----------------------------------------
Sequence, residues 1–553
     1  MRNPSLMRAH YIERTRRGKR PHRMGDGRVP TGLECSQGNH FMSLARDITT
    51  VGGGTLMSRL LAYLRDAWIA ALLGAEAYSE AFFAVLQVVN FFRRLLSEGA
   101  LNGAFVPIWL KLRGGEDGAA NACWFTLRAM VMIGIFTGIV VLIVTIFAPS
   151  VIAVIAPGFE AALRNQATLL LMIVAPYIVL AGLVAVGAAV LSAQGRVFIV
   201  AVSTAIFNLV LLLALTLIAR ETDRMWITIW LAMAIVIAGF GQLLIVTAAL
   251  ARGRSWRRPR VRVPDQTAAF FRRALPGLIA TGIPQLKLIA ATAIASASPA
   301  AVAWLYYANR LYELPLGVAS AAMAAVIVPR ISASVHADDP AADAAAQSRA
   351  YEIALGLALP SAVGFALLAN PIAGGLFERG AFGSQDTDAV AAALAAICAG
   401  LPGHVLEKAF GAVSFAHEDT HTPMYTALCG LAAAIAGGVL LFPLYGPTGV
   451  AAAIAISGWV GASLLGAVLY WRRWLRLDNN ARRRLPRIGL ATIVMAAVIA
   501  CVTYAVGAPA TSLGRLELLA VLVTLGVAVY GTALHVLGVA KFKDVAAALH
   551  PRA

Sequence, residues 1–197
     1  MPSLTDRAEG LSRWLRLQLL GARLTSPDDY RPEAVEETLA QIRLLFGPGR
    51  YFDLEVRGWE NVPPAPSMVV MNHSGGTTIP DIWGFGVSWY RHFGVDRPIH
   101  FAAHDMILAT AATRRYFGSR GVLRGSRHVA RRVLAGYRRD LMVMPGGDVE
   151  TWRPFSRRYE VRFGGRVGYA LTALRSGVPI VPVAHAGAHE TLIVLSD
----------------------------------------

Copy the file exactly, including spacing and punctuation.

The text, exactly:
Sequence, residues 1–553
     1  MRNPSLMRAH YIERTRRGKR PHRMGDGRVP TGLECSQGNH FMSLARDITT
    51  VGGGTLMSRL LAYLRDAWIA ALLGAEAYSE AFFAVLQVVN FFRRLLSEGA
   101  LNGAFVPIWL KLRGGEDGAA NACWFTLRAM VMIGIFTGIV VLIVTIFAPS
   151  VIAVIAPGFE AALRNQATLL LMIVAPYIVL AGLVAVGAAV LSAQGRVFIV
   201  AVSTAIFNLV LLLALTLIAR ETDRMWITIW LAMAIVIAGF GQLLIVTAAL
   251  ARGRSWRRPR VRVPDQTAAF FRRALPGLIA TGIPQLKLIA ATAIASASPA
   301  AVAWLYYANR LYELPLGVAS AAMAAVIVPR ISASVHADDP AADAAAQSRA
   351  YEIALGLALP SAVGFALLAN PIAGGLFERG AFGSQDTDAV AAALAAICAG
   401  LPGHVLEKAF GAVSFAHEDT HTPMYTALCG LAAAIAGGVL LFPLYGPTGV
   451  AAAIAISGWV GASLLGAVLY WRRWLRLDNN ARRRLPRIGL ATIVMAAVIA
   501  CVTYAVGAPA TSLGRLELLA VLVTLGVAVY GTALHVLGVA KFKDVAAALH
   551  PRA

Sequence, residues 1–197
     1  MPSLTDRAEG LSRWLRLQLL GARLTSPDDY RPEAVEETLA QIRLLFGPGR
    51  YFDLEVRGWE NVPPAPSMVV MNHSGGTTIP DIWGFGVSWY RHFGVDRPIH
   101  FAAHDMILAT AATRRYFGSR GVLRGSRHVA RRVLAGYRRD LMVMPGGDVE
   151  TWRPFSRRYE VRFGGRVGYA LTALRSGVPI VPVAHAGAHE TLIVLSD